We’re probably not telling you anything you don’t already know when we say “going to the airport” isn’t exactly on everyone’s bucket list. But just like every destination is different, so is every airport. And just as navigating a new city is challenging in and of itself, so is navigating a new airport. Should I go for Ivar’s chowder or Beecher’s mac & cheese at SeaTac? Do I have time to do yoga at SFO’s Terminal 2? How long will it take to get to ATL’s Concourse E for a cocktail at One Flew South?
If you’re anything like us, then these are the types of questions you have. But never fear, because we have answers to your airport questions with our series of guides to America’s airports. Today, we bring you the TripIt airport guide to Orlando International Airport (MCO).
Located 10 miles southeast of downtown Orlando, MCO Airport is one of the top-15 busiest airports in America, serving as a focus airport for Frontier, JetBlue, and Southwest. The Orlando airport has one main airport terminal, split into two, and consisting of four airside concourses, of which Airside 1 and Airside 4 are the main international concourses. One of the airport’s most unique features is the Hyatt Regency, which is actually located inside the airport. MCO is served by local buses and your typical forms of airport transportation (hotel shuttles, shuttle vans, and taxis), but is also accessible by SunRail (via bus link), which is Orlando’s commuter rail system. Interestingly enough, Orlando is the largest rental car market in the world, with many of the major rental car agencies located in Terminal A and B. Wi-Fi is available throughout the airport free of charge. CLEAR lanes are also available at the Orlando airport for members.
A majority of your dining options at Orlando International Airport are chains, such as Ruby Tuesday and Wendy’s (Airside 3) and Outback Steakhouse and Burger King (Airside 4). More of your unique options are going to be in Airside 3 and Airside 1, such as Urban Crave (Airside 1), which is a new airport dining concept featuring a modern take on street food, including burgers, gourmet hot dogs, a variety of tacos and other items. Also in Airside 1 is On the Border Mexican Grill & Cantina, where you can get your full Mexican fix with a selection of tacos, burritos, quesadillas and more. You do get a little local and regional flavor in Airside 3 with ZaZa Cuban Coffee, where your best choice is likely the pressed Cuban sandwich. Other restaurant options in Airside 3 include Manchu Wok, Qdoba Mexican Grill and Camden Food Co. Dining options in Airside 2 largely consists of coffee shops, like Starbucks, though you also have Johnny River’s Grill & Market.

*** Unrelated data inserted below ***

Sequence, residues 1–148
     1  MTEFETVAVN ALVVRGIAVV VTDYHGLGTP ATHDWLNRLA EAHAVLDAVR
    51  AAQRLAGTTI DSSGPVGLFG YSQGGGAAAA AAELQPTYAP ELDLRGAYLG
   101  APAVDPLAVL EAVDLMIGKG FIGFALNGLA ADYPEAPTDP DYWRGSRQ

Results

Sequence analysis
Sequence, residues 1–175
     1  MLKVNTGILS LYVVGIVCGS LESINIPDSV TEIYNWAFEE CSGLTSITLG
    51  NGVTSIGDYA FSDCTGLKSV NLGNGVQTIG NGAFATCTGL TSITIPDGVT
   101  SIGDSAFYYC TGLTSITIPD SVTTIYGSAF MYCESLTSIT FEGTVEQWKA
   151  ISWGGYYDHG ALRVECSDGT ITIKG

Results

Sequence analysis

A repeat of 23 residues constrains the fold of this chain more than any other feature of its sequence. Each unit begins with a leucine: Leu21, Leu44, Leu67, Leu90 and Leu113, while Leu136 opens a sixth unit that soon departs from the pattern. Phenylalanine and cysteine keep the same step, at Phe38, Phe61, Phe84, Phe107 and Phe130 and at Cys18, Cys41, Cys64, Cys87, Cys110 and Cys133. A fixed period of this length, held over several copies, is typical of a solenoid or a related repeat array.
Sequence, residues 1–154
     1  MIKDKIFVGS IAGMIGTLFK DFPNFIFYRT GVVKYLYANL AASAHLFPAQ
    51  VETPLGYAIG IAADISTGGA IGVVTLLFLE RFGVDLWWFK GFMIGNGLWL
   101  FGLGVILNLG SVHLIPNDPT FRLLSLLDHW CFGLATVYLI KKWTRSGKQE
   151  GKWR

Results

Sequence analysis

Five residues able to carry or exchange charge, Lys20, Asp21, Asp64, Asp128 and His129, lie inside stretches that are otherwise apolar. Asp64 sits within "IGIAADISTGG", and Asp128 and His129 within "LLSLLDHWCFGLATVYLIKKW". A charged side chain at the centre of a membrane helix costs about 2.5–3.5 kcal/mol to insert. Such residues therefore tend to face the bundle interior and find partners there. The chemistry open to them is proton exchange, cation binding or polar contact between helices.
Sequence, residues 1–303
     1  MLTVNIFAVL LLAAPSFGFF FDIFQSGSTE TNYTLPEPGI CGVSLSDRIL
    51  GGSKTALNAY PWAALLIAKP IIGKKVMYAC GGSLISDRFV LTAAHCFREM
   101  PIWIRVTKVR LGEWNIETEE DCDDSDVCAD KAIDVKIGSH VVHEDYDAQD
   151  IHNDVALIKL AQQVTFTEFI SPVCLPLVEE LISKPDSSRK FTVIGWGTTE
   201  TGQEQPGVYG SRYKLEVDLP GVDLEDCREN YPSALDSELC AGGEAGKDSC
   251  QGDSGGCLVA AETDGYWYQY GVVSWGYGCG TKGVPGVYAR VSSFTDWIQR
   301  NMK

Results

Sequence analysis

Where to drink at Orlando International Airport first begins in Airside 1 at Le Grand Comptoir, a French wine bar that features more than 100 wines from around the world (and many vintages), as well as a selection of craft cocktails and beer. Considered one of the best new airport restaurant and bar concepts, it also has a small food menu. Otherwise, most of your best options for a drink at MCO are at many of the restaurants mentioned above, such as On the Border Mexican Grill & Cantina, where you have your choice of several different margaritas, as well as bottled and draft beer and wine by the glass or bottle. For more of your token airport bar, Johnny River’s Grill & Market has a full bar, including their Bloody Mary, loaded with celery and olives.
Like many international airports, MCO has a collection of permanent and temporary art exhibits that are located both inside the airport and outside in some of its green spaces. You can also take your own self-guided art tour of Terminal A and B. If you have some time before your flight, there are spa services in each concourse, including XpresSpa locations in Airside 1, 3 and 4, and a Terminal Gateway Spa in Airside 2. Otherwise, Orlando International Airport has many of your standard airport shops such as InMotion Entertainment, Sunglass Hut and Life is Good. If you have a few hours before your flight, there are some parks and green spaces near the airport, such as Airport Lakes Park, which is just a couple miles from MCO.
Frequent flyers will find a couple airline lounges at Orlando International Airport, including United Club and Delta Sky Club, both of which are located in Terminal B. MCO also just recently opened up an independent lounge in Airside 4, The Club, which is accessible for a $35 day pass.
Spencer is a seasoned food, drink, and travel writer who has written for publications from Outside Magazine to Travel + Leisure and Los Angeles Times. When he’s not traveling, he’s perfecting his favorite cocktails in his home bar. He chronicles his adventures (and cocktails) on his travel site, Whiskey Tango Globetrot.